• Kristof Glamann


Considering that the Dutch East India Company through a number of years undoubtedly was the greatest trading company of the world, it is surprising that its commercial history has never been written. Its activities have been considered from many different angles: political, organisatory, financial, naval, military, colonial, religious, as well as from the point of view of the history of science. The economic, let alone the business economic aspect, has only been commented on in passing, — and still commerce was the basis of the Company. Its founders were merchants, and the commercial character never passed off, the dividends were the final aim of its activities.1 The studies submitted here are intended to shed some light on this extensive terra incognita. The investigations have been made on the general assumption that at the appraisal of a commercial concern it must be considered as a whole and from a central point of view.2 As starting-point of the description the Company’s office in the Netherlands has been chosen, which was the seat of the Court of Directors, the so-called Heeren XVII. If one concentrates upon the records of the Heeren XVII, it is evident that the general view is realistic and therefore necessary when attempting an account of the commercial policy of the management.


Dutch Company East India Company Governor General Danish Company English East India Company 
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  1. 1.
    H. Terpstra, “Enige opmerkingen over het bedrijf der Oostindische Compagnie“, Tijdschrift voor Geschiedenis, 57. jaargang (Groningen, 1942), p. 1.Google Scholar
  2. 2.
    W. M. F. Mansvelt, Rechtsvorm en geldelilk beheer bij de Oost-Indische Compagnie (Amsterdam, 1922) pp. 1 ff.Google Scholar
  3. 3.
    D. G. E. Hall, A History of South-East Asia (London, 1955), p. 251.Google Scholar
  4. 4.
    Economic History Review, vol. IV (London, 1933), p. 344.Google Scholar
  5. 5.
    A short and able discussion of the Dutch Company’s organization is found in C. de Heer, Bijdrage tot de financiëele geschiedenis der Oost-Indische Compagnie (’s-Gravenhage, 1929). The standard work on the subject is G. C. Klerk de Reus, Geschichtlicher Ueberblick der administrativen, rechtlichen und finanziellen Entwicklung der niederländisch-ostindischen Compagnie (Verhandelingen van het Bataviaasch Genootschap van Kunsten en Wetenschappen, deel XLVII, Batavia-Solo’s Hage, 1894).Google Scholar
  6. 6.
    de Heer has adduced a few exceptions which confirm this rule, viz. an attempt at having effected that only persons not entrusted with a public charge should be elected bewindhebbers because of the great commercial burden resting on these; de Heer, op cit. p. 7, Note 5. In his otherwise reliable account of the history of the Company Charles de Lannoy states that in his opinion the Company about the middle of the 17th century changed its character — from at first being directed by merchants to being directed by “des hommes exercant de fonctions publiques” — thus identifying the opposition of the shareholders in the 1620’s with the commercial aspect, which is hardly correct; Charles de Lannoy & Herman van der Linden, Histoire de l’Expansion Coloniale des Peuples Européens (Bruxelles, p. 172 et seq.Google Scholar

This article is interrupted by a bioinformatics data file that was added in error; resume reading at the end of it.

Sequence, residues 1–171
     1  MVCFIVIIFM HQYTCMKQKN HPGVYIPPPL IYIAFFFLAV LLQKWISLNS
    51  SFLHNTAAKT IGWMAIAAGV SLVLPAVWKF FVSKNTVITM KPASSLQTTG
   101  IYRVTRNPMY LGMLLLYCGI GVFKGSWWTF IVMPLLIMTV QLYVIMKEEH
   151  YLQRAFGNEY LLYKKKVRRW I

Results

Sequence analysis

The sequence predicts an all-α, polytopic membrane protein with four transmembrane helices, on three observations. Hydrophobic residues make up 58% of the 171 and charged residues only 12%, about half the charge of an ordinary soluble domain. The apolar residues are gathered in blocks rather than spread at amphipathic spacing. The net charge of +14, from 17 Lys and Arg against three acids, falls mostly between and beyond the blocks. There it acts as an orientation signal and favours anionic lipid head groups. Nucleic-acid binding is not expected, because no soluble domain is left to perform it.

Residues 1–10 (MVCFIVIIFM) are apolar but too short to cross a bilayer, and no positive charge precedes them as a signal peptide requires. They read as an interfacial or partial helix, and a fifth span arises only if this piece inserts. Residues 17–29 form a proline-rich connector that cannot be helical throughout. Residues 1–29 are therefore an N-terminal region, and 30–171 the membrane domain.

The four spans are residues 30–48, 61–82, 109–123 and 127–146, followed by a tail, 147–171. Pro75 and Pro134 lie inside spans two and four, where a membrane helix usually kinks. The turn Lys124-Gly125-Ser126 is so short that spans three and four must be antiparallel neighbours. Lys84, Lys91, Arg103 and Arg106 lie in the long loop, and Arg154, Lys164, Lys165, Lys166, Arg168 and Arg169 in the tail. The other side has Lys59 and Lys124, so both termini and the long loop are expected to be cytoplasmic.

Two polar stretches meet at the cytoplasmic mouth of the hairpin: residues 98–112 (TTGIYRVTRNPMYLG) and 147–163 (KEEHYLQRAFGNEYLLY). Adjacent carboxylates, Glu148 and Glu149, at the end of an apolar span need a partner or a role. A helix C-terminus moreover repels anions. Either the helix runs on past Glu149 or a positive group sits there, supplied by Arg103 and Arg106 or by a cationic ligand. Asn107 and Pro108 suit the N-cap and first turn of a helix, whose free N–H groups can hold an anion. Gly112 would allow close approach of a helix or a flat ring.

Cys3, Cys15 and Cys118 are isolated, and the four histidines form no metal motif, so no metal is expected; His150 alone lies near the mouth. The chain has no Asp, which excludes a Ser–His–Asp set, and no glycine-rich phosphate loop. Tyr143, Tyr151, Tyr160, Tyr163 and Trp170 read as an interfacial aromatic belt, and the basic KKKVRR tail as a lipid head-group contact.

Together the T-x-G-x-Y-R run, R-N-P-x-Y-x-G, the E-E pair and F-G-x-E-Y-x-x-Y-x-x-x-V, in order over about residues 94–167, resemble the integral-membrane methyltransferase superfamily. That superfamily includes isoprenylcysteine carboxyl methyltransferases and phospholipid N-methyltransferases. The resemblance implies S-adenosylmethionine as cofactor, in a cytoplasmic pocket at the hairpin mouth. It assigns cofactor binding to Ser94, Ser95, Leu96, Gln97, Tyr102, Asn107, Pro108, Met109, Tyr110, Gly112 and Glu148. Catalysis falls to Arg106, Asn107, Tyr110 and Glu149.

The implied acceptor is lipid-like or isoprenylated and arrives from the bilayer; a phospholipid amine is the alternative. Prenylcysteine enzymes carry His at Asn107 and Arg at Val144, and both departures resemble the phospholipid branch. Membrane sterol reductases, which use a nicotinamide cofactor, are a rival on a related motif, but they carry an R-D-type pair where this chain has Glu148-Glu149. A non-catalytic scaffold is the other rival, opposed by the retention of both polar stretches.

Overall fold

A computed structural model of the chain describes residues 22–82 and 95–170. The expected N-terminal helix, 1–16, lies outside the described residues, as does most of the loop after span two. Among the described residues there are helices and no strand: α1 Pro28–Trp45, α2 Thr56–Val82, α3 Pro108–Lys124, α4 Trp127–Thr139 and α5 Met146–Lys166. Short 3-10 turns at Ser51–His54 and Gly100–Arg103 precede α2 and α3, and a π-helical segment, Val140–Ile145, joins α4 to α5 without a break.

7. 11.
    Herbert Heaton, Economic History of Europe (New York, 1948), p. 362.Google Scholar
  8. 14.
    Violet Barbour, Capitalism in Amsterdam in the Seventeenth Century (The Johns Hopkins University Studies in Historical and Political Science, Series LXVII, No. I, Baltimore, 1950), passim.Google Scholar
  9. 16.
    Kristof Glamann, “Hollandske Indberetninger om Altona-projektet 1728–1729”, Danske Magazin, 7th ser., vol. V (København, 1953), pp. 263 ff; by the same, “En ostindisk Rejse eller Thomas Thomsen på Galejen”, Sjöhistorisk Årsbok 1953–1954 (Stockholm, 1954), p. 19 et seq.Google Scholar
  10. 17.
    The monopolistic interpretation e. g. by G. Gonggrijp, Schets eener economische geschiedenis van Nederlandsch-Indië (Haarlem, 1928), p. 29 [“Een schrijver over de Compagnie heeft gezegd dat dit handelslichaam geen geschiedenis heeft. Dit is in economischen zin waar. De uitspraak karakteriseert treffend het feit, dat de bestuurders der O. I. C. den ganschen duur van haar bestaan op een en dezelfde manier hebben gestreefd naar de bereiking van het doel, het maken van handelswinst, nl. door angstvallig vast te houden aan het monopolie”].Google Scholar
  11. 18.
    H. Terpstra, “Enige opmerkingen”, p. 1; B. Vlekke, Geschiedenis van den Indischen Archipel (1947), pp. 177 fr.Google Scholar
  12. 19.
    I. J. Brugmans, “De Oost-Indische Compagnie en de weelvaart in de Republiek”, Tijdschrift voor Geschiedenis, 61. jaargang (Groningen, 1948), p. 231.Google Scholar

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© Martinus Nijhoff, Lange Voorhout 9, Den Haag 1981

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  • Kristof Glamann

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